07.05.2012
By Terry Flanagan

FX Broadens Appeal (Part 2)

(Part 2 of a 2-part series)

As the fundamental appeal of foreign exchange has improved vis-à-vis equity and debt markets, so has the ease of trading currencies and the attendant liquidity.

“The ‘electronification’ of the market continues,” said Sang Lee of consultancy Aite Group. “The market itself is over-the-counter, but it has the structure in place that allows firms to trade in an exchange-like manner.”

While electronic trading is the preferred method for trading currencies, the days of picking up the phone are not over. Electronic trading is more pronounced in the interbank market, where it currently makes up an estimated 72% of volume, according to industry data; in the client-to-dealer market, voice-driven orders account for 53% of the market.

Traders of currencies include large private and public banks, institutional investors, currency speculators, corporations, governments, hedge funds, and retail investors. The multiple deep-pocketed constituencies comprise deep liquidity.

“From a user perspective, foreign exchange is very diverse; that explains the extremely large average daily volumes,” said Lee. “The beauty of FX is, there is always a corporation that needs to make an FX transaction because it has a global presence. There is always a traditional asset manager that needs to hedge risk because it traded a foreign stock.”

In a sense, the fundamental and technical sides of the FX market feed off one another; a better value proposition brings in more traders, which create a more liquid market and an even-better value proposition.

“The trend for FX volumes is up which is a function of diversification needs along with the investing world’s hunger for return and yield in a low-interest-rate environment,” said Bob Near, head of foreign exchange sales at BNY Mellon. “Investors are looking at markets where they can possibly get a better return than their home market, and also looking to go into what have been the traditional safe haven markets.”

For institutional buyers and sellers of FX, the ability to execute jumbo-sized trades is of paramount importance.

FX markets have come under the scrutiny of regulators along with their equity and debt counterparts, with the broad thrust entailing a move to more trading on lit venues plus more robust reporting and transparency. The new rules project to affect handlers and routers of FX trades more than the end-user buyers and sellers.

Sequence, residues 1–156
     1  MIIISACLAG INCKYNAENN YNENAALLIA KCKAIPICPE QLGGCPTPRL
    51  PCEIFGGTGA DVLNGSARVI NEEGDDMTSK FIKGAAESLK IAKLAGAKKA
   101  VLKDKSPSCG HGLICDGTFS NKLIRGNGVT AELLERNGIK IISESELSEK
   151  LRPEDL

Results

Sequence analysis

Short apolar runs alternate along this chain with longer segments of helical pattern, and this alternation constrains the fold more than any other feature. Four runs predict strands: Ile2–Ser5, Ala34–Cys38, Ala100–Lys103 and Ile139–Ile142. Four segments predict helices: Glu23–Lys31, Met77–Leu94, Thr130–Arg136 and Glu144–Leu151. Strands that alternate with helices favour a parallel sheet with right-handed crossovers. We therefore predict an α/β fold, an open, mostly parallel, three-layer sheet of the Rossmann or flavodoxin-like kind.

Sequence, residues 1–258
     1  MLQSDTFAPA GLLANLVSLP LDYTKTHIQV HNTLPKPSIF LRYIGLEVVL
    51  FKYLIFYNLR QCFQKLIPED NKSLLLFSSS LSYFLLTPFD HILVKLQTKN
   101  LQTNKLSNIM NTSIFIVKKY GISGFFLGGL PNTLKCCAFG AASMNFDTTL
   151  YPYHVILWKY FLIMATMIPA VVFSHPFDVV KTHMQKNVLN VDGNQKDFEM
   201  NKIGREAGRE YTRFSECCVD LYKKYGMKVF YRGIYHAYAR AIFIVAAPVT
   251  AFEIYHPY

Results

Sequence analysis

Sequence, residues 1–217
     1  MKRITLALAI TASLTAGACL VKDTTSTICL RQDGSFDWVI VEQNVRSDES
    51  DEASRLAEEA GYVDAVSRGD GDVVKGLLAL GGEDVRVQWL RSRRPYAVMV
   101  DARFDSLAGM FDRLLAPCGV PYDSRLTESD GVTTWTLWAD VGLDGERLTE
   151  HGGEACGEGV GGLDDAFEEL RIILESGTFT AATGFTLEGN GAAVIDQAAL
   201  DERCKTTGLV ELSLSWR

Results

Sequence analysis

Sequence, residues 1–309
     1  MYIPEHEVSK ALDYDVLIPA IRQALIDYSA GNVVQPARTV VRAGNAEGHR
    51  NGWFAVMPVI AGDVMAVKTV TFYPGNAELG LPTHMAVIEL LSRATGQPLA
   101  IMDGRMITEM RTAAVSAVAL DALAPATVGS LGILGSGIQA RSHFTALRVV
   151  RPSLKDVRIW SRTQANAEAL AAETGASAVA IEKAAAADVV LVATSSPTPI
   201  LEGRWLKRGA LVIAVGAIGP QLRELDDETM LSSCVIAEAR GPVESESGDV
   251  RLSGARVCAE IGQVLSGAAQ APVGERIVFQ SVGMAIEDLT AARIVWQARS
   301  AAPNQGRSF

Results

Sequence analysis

“We’ve been getting regulatory updates from banks,” said Philip Simotas, president and director of investment management at FX Concepts, a $4.5 billion hedge fund that specializes in trading currencies. “As far as I can tell, because we’ve already been dealing with central clearing with banks via prime brokerages, the brunt of the burden will be on the banks themselves in terms of how they handle credit and how collateral is managed. They may have to rip up what they have and replace a system which I thought was working quite well, with one that is a centrally cleared system. It will clearly impact banks more than fund managers.”

Much of FX’s growth can be credited to electronic trading, which now accounts for more than 60% of all trading done in the global FX market, according to Aite. While the currency market was one of the first markets to utilize electronic trading, at the start it was mainly in the interbank market. Other factors coming into play include the growing presence of hedge funds and proprietary trading firms in the space, more retail participation, as well as the proliferation of FX prime brokerage offerings from the big banks.

Trading electronically also satisfies the increasing need to prove best execution to clients, as it becomes easier to establish audit trails through the electronic footprint on transactions.

High-frequency trading strategies have also had a strong presence in the growth of FX volume, accounting for close to 40% of all spot FX trading, according to Aite. With algorithmic trading comes a larger amount of trades and smaller trade sizes: since 2007, the average number of trades per day has gone from about 650,000 to nearly 1.6 million, while average trade size has fallen from $2.5 million to $1.2 million.

“The major difference between foreign exchange and equities is that FX is still not exchange traded, so there is no such thing as a consolidated tape,” said Lee. “Price discovery is not as transparent as in an exchange-traded market.”

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